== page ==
Colorado Child Care Rules Could Require Racially Diverse Dolls, 'Culturally Sensitive' Activities
Filed under: In The News
The Denver Post reports the 98 pages of proposed rules came out of a 2000 law requiring Colorado to come up with child care quality standards in all sorts of areas, including nutrition and special needs services. But a number of lawmakers and child care providers say many of the proposed rules are a shining example of a one-size-fits-all mentality.
Some of the rules, according to the newspaper, include:
- All doll collections much represent three races.
- 10 pieces of each art material required per toddler and infant classroom -- think 10 crayons, 10 paints, 10 brushes, etc.
- Potential chocking hazards, including food items, glitter, shaving cream, cotton balls and "googly eyes" are a no-no.
- Each room much have at least 12 books, plus one additional book for each child in the class.
- At least 10 visual displays required per room, with two "representing nature realistically" and two "presenting diversity in a positive way."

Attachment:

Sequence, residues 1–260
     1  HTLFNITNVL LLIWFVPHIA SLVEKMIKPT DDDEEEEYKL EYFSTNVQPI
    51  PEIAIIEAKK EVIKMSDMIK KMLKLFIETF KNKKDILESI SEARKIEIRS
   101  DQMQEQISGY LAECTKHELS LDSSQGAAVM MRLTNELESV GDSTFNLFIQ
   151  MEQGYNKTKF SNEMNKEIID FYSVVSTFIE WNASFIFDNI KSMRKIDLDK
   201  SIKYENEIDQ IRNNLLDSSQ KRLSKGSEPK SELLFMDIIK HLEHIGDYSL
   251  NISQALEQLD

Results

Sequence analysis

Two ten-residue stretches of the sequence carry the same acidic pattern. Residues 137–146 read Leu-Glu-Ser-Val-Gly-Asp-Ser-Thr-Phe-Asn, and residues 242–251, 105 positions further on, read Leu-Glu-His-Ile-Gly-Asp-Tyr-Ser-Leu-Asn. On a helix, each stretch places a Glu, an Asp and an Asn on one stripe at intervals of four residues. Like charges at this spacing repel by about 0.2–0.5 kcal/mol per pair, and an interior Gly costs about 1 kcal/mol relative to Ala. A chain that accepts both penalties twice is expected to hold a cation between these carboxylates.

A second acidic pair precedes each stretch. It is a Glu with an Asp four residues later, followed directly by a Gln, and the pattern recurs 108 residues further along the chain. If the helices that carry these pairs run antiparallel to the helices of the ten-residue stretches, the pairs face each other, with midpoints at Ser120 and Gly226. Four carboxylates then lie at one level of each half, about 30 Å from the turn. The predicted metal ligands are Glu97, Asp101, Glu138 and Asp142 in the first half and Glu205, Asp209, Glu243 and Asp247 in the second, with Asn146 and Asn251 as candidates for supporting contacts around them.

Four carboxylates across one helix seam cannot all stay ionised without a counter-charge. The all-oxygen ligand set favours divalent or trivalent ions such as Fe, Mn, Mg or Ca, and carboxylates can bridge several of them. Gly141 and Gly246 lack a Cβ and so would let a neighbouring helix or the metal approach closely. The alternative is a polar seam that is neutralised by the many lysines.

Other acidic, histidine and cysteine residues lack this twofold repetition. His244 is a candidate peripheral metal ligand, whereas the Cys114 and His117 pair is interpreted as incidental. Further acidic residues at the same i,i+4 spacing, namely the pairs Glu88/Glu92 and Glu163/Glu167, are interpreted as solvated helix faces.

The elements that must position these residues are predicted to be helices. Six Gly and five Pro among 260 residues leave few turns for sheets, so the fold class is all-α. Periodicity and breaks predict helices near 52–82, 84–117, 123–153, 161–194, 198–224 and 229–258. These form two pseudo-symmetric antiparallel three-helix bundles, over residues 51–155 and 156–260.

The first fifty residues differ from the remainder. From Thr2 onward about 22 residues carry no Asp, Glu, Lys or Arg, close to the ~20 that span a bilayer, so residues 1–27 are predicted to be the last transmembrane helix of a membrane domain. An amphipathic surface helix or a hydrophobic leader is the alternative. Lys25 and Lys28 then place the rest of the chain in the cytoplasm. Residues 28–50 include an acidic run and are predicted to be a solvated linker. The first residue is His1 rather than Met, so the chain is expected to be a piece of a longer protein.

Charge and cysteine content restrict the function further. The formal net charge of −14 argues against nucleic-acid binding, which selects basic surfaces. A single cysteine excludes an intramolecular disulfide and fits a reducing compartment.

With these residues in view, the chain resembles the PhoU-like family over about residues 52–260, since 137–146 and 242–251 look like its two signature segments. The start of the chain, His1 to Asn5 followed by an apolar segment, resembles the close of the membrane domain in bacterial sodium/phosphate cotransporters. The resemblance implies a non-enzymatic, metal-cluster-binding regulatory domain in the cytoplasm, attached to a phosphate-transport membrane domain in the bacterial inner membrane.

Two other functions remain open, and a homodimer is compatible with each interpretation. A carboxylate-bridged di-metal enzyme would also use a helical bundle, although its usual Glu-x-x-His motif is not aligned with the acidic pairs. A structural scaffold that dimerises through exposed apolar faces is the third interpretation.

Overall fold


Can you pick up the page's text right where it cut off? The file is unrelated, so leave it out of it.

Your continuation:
- No sweetened drinks or whole milk, and only 20 minutes of screen time per day.
- "Activities shall be culturally sensitive and represent diversity."
- "Boys and girls shall not be restricted to gender-specific role playing."
Human Services Department director Reggie Bicha tells the newspaper the rules are just an early draft and feedback will be taken before they are set before the State Board of Human Services to be approved.
"We certainly want to move forward to strengthen child care so kids are ready to learn," Bicha tells the Post. "At the same time, we have to promulgate regulations that are smart, that are achievable and that are not overreaching."
State Sen. Kevin Lundberg, R-Berthoud, tells the newspaper some of the current child care regulations are already making it too expensive for parents to afford to send their kids to the facilities.
"I think they're just ratcheting up to a whole new level of micromanagement," he tells the Post.
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